KANSAS CITY, Kan. — Kevin Barnes rarely takes his Cadillac out of the garage.

He never thought lunch at the Legends Outlets in Kansas City, Kansas, supporting a friend before open heart surgery, would turn into his classic car being stolen.

“I knew right where I had parked and that it was gone,” he said.

He parked it far out in the parking lot so the doors wouldn’t get dinged. When he walked out to find it, the car was gone.

It has less than 44,000 miles on it, and he’s put $30,000 into upgrading it.

“It was perfect. It was a 2010 CTSV, it’s a highly modified car, it makes 817 horsepower to the tires,” Barnes said.

Barnes is a nurse but put on his investigative hat. From there, it was a wild ride.

On social media, Barnes posted surveillance pictures of his stolen car and the truck he saw tow it away.

Comments and tips led Barnes to the suspect truck. He saw car engines, a bullet proof vest and cars that had been stripped.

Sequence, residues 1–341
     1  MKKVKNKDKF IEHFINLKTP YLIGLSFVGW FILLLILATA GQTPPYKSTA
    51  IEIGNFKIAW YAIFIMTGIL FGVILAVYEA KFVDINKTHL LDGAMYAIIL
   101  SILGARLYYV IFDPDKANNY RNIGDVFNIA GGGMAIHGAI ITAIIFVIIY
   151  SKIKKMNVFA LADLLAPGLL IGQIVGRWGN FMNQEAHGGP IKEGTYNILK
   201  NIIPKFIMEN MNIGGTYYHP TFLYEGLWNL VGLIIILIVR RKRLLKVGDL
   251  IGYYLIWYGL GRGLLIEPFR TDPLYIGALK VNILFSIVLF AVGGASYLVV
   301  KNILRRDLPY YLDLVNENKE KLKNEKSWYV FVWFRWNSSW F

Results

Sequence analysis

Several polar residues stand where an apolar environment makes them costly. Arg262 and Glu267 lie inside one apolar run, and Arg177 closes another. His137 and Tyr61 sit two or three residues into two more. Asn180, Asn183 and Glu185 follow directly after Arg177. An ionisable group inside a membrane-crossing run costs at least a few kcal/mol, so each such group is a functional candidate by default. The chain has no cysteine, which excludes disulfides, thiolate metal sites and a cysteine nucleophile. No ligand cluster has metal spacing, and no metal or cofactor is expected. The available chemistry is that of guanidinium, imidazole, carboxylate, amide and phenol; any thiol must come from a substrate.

“When we first got there, I actually found this fanny pack that I’m wearing right here on the hood of another vehicle that was sitting there. That was my fanny pack,” Barnes said.

Some cards were still in it. He found a pill bottle and scissors he uses for work. But they took his driver’s license, checkbook and cash.

He called 911. Barnes said police made contact with a man but didn’t make an arrest.

KCPD said officers wouldn’t be able to make an arrest based on suspicion of a crime in another city.

Kansas City police did take a report at the scene. After that, they would pass along that information to the investigating agency, which is KCKPD.

Kansas City, Kansas, Police Chief Karl Oakman said people should file a report and leave the investigation to the police. It can be dangerous.

“Vehicles can be replaced, you can’t,” Oakman said. “Do not take matters into your own hands. We’ve seen so many incidents where people have done that and it hasn’t ended well.”

Barnes agrees. He just wants the car he calls his baby back.

“It hurts, don’t make me start crying,” Barnes said. “I’m a guy. I don’t need that. It hurts.”

Anyone with information can call KCKPD at (913) 596-3000.